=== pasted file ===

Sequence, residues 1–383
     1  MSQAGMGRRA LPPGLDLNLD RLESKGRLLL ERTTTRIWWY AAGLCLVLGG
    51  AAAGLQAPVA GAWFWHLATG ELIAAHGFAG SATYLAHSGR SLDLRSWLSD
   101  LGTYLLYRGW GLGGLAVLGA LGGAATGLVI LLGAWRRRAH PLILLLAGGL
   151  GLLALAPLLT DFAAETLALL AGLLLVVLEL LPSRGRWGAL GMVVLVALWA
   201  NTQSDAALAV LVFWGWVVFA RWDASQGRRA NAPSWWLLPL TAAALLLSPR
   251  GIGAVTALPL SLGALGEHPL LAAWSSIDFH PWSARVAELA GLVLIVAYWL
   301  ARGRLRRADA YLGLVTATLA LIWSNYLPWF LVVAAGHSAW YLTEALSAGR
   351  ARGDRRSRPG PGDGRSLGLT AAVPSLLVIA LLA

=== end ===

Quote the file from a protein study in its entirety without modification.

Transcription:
Sequence, residues 1–383
     1  MSQAGMGRRA LPPGLDLNLD RLESKGRLLL ERTTTRIWWY AAGLCLVLGG
    51  AAAGLQAPVA GAWFWHLATG ELIAAHGFAG SATYLAHSGR SLDLRSWLSD
   101  LGTYLLYRGW GLGGLAVLGA LGGAATGLVI LLGAWRRRAH PLILLLAGGL
   151  GLLALAPLLT DFAAETLALL AGLLLVVLEL LPSRGRWGAL GMVVLVALWA
   201  NTQSDAALAV LVFWGWVVFA RWDASQGRRA NAPSWWLLPL TAAALLLSPR
   251  GIGAVTALPL SLGALGEHPL LAAWSSIDFH PWSARVAELA GLVLIVAYWL
   301  ARGRLRRADA YLGLVTATLA LIWSNYLPWF LVVAAGHSAW YLTEALSAGR
   351  ARGDRRSRPG PGDGRSLGLT AAVPSLLVIA LLA